Narrow stance squats are commonly performed variations of squats among powerlifters, weightlifters and bodybuilders to bring up weaknesses and develop leg muscle size.
What is a narrow stance squat? A narrow stance squat or close stance squat is a back squat performed with feet at around shoulder-width apart or even narrower. The feet should generally point forward in line with knees. Narrow stance squats target primarily the quadriceps, glutes, and adductors.
In this article, I will be providing an ultimate guide to everything you need to know about using narrow stance squats in your training routine regardless of what your training goal is. I will be discussing the pros and cons with this squatting variation and help you understand whether you should use it within your routine.
Narrow Stance Squats: What is it?
Narrow stance squats are a very common squatting variation performed for the purpose of developing leg muscle and strength.
Narrow stance squats are normally performed with the bar on the back as a back squat.
Due to less movement through the nature of squatting with a narrow stance, it means there is less demand for your thighs to abduct (move outwards to the side) and more demand for your ankles to dorsi-flex (shins moving forward over your feet).
Narrow stance squats should be performed as deep as possible but as comfortable as possible without compromising a neutral spine. Check out my guide on how to squat deeper if you struggle with depth.
In order for you to make the most of a narrow stance squat, it requires that you have enough ankle and hip mobility so that you can squat to parallel or deeper whilst maintaining a neutral spine.
If you don’t have adequate ankle mobility in a narrow stance squat, your heels will likely lift from the floor. If this happens, you’ll want to consider wearing a heeled squat shoe to reduce the angle of your ankle when squatting.
Because the stance is narrower, most individuals will find that their range of motion increases. This is advantageous for everyone including bodybuilders, strength athletes, or general gym goers who are seeking to maximize muscle building.
Training muscle groups through a larger range of motion and longer muscle lengths is desirable in gaining muscle.
Check out my article on Are Wide Stance Squats Better For Powerlifting?
Muscles Worked In The Narrow Stance Squat
The narrow stance squat is primarily a lower-body strength exercise.
Let’s discuss what muscles are engaged during the squat and how they are used during a narrow stance.
The narrow stance squat is an exercise that primarily involves extension through the hips and the knees.
These primary muscles used in the narrow stance squat are the:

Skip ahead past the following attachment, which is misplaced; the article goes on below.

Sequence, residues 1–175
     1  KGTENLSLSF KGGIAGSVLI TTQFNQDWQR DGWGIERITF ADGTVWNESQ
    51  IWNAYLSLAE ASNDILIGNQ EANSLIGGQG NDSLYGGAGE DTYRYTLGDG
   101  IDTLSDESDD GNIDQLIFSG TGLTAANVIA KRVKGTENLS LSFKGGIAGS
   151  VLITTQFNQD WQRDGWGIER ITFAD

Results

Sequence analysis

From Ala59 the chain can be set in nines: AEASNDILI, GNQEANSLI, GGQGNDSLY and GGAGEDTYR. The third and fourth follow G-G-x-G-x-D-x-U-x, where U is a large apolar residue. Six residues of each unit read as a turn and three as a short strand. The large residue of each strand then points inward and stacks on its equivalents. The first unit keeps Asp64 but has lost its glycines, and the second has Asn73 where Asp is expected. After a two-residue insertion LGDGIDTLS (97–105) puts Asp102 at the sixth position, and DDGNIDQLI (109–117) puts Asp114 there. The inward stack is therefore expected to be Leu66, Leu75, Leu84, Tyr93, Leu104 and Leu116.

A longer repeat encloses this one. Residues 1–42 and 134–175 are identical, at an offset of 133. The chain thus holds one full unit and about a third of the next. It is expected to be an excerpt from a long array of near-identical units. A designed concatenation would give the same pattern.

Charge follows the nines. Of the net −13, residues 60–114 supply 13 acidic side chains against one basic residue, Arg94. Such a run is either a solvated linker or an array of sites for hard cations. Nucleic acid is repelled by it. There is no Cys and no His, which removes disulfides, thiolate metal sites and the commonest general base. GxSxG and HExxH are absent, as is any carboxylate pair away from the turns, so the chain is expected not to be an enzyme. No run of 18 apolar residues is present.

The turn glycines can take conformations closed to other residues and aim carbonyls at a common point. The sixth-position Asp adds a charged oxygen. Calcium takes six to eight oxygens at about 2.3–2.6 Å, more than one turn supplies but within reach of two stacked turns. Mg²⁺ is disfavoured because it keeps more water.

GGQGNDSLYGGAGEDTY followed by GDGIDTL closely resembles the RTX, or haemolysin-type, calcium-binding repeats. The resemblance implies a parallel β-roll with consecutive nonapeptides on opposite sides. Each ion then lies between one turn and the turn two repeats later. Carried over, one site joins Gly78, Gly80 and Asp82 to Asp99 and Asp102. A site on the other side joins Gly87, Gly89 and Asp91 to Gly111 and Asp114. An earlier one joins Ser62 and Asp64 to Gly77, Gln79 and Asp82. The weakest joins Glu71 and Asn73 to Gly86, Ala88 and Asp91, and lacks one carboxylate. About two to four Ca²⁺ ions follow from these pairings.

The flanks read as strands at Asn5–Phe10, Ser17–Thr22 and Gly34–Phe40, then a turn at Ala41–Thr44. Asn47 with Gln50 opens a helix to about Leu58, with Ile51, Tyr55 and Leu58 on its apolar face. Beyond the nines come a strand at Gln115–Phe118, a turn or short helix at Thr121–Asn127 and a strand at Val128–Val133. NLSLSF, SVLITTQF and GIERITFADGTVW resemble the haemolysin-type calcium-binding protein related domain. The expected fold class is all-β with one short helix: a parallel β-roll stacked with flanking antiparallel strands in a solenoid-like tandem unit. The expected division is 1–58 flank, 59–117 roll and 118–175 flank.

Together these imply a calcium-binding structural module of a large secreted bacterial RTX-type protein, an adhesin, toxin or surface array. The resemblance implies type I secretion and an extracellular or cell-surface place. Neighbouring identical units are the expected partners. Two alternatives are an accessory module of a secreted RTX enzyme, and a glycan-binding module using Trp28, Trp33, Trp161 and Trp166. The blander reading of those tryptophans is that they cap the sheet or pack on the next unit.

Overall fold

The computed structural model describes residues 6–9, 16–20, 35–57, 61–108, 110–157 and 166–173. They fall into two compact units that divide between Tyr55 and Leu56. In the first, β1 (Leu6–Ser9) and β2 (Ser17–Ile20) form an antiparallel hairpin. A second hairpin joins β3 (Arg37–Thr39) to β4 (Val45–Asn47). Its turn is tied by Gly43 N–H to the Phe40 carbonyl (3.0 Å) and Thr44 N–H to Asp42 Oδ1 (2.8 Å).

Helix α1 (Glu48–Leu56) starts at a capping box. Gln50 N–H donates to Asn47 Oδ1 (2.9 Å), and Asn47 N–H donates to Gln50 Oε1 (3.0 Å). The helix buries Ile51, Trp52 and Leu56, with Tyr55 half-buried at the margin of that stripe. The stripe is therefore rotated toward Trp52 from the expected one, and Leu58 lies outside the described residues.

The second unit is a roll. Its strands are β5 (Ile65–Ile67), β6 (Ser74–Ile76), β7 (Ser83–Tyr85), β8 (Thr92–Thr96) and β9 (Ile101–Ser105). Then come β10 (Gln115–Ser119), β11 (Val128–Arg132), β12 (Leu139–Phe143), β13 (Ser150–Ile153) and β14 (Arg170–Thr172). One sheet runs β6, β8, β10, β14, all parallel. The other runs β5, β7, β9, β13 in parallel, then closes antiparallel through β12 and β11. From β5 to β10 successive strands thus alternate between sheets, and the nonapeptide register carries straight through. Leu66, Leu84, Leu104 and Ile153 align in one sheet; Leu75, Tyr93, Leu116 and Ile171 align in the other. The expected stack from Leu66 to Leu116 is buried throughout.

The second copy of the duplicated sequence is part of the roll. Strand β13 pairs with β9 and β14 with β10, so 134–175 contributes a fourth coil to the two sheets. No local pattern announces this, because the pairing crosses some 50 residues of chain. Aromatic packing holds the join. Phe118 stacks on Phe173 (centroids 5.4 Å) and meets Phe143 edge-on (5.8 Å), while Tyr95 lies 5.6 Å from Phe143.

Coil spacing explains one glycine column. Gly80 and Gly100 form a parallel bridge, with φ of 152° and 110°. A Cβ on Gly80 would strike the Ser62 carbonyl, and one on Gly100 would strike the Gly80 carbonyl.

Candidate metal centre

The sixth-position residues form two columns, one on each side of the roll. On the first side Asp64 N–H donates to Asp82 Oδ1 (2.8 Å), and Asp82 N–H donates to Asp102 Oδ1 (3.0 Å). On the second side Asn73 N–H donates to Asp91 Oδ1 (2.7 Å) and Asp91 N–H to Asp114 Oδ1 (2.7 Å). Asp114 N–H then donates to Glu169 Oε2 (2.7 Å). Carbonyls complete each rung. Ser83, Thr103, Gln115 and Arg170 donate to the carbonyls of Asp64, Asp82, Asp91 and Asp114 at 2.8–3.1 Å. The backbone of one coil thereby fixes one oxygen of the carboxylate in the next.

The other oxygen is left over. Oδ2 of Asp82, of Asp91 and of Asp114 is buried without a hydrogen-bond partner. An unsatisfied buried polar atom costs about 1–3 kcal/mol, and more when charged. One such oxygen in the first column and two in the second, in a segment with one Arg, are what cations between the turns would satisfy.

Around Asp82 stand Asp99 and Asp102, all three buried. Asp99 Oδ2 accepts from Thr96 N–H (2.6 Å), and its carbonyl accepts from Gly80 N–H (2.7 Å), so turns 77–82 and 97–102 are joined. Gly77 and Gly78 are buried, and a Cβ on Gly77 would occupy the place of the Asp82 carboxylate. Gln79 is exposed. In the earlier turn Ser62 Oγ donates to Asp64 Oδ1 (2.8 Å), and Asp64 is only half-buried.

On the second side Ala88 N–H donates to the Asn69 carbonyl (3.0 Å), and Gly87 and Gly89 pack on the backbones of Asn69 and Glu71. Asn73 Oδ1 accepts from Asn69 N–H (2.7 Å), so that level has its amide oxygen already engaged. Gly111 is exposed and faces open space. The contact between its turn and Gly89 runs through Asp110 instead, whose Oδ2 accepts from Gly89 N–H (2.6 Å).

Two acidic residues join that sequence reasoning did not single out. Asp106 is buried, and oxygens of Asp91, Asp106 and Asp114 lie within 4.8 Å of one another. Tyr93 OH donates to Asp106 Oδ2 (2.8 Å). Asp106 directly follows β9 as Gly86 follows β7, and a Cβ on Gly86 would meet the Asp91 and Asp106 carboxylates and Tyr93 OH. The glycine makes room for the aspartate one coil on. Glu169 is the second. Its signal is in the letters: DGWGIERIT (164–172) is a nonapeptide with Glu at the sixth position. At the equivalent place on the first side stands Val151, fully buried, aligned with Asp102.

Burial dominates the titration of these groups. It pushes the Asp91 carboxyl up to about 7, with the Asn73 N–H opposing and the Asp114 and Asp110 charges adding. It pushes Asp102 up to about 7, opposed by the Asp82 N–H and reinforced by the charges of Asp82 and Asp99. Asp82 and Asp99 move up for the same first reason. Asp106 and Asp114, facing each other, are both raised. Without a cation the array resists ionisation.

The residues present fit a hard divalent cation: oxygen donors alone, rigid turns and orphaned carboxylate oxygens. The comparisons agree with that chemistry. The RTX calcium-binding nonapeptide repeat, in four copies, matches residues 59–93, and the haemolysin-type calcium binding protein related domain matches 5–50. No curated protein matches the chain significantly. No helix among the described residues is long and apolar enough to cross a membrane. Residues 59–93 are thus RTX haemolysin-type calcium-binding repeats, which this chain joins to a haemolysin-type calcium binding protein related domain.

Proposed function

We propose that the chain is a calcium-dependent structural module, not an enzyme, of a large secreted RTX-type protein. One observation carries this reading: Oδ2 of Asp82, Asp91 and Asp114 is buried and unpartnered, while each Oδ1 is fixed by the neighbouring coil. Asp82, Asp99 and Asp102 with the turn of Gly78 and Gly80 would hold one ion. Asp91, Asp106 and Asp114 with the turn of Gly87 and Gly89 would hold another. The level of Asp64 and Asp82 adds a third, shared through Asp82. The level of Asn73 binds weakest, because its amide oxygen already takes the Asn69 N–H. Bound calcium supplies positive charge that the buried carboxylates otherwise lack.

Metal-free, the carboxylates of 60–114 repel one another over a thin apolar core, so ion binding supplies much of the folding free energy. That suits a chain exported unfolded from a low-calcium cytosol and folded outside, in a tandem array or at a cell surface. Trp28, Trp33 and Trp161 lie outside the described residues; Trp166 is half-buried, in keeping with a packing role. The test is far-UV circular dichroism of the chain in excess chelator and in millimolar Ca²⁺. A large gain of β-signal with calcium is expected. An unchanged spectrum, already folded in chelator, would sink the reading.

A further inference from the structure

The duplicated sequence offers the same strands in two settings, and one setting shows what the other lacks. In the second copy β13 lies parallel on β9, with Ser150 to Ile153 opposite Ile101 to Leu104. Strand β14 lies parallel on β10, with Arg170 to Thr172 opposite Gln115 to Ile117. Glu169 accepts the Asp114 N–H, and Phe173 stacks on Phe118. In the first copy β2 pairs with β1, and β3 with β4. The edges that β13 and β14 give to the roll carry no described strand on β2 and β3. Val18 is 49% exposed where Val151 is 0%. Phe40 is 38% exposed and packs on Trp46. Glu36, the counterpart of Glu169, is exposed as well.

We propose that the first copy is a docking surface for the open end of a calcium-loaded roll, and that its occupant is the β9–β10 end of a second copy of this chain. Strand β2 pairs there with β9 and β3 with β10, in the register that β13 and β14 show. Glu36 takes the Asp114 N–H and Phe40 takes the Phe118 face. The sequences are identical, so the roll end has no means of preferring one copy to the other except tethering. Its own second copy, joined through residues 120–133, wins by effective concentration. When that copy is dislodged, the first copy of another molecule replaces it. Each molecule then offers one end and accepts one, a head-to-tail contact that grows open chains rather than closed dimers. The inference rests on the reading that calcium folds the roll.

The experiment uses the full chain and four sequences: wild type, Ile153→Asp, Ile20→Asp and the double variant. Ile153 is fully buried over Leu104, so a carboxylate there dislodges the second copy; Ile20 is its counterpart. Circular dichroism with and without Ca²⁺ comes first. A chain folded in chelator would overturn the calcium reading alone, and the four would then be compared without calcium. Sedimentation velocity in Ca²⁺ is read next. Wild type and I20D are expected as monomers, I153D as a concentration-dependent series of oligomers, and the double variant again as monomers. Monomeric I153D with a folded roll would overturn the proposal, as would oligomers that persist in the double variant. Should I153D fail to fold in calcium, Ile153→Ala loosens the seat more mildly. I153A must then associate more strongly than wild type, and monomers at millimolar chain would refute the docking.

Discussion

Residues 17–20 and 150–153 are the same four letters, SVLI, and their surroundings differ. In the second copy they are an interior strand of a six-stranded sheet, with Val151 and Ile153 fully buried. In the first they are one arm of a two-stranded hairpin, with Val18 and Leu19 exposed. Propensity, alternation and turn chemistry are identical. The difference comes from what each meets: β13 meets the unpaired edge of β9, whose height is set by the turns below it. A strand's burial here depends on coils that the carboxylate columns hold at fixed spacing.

- Gluteus Maximus
- Adductor Magnus
The primary knee extensors are the quadriceps. At the lowest portion of the narrow stance squat, the quadriceps have been shown to work the hardest.
The deeper you can squat and the more you allow your knees to travel, the more your quads will work in the exercise execution.
The highest activation occurs during the ascent of the narrow stance squat execution.
Narrow stance quads can make the quads sorer than wide stance squats. Check out my article on Quads Sore After Squats: Is This Good Or Bad?
Gluteus Maximus and Adductor Magnus
The primary hip extensors gluteus maximus and adductor magnus in the narrow stance squat.
The gluteus maximus and adductor magnus both contribute to extending the hip and different portions of the squat. During deeper portions of the squat, the adductor contributes the most to extending the hips. As you come up above parallel, the glute muscles take over to finish off the extension of the hips to lock out.
If your legs are shaking in the squat, it could be because you took a stance that was TOO narrow. Learn more in my article on Why Do My Legs Shake When I Squat?
Other secondary muscles that assist and stabilize the execution of the narrow stance squat are:
- Hamstrings – these muscles behind the thighs help stabilize the hips and knees. They help stop your pelvis from going into too much of an anterior tilt during execution
- Obliques and Abdominals – these trunk muscles assist to stabilise the spine by stopping them from overextending and create intra-abdominal pressure.
- Gastrocnemius, Soleus and Tibialis Anterior – these shin muscles help stabilize the centre of gravity by stopping the person from shifting too much onto the front or rear of the foot.
- Spinal Erectors, Quadratus Lumborum, and Multifidus – these muscles run along the centre of the back by the spine and keep the spine extended
- Latissimus Dorsi and Trapezius – these large back muscles help keep the shoulder blades pinched back and down as well as assist in keeping the back extended
Learn more about the narrow stance squat in my article on Is The Narrow Squat Harder?
5 Benefits Of The Narrow Stance Squat
There are 5 benefits to squatting in a narrow stance:
1. It’s an increased range of motion
Assuming that you can achieve similar depth to regular squats, performing a narrow stance squat means that you are able to achieve an overall large range of motion in the exercise.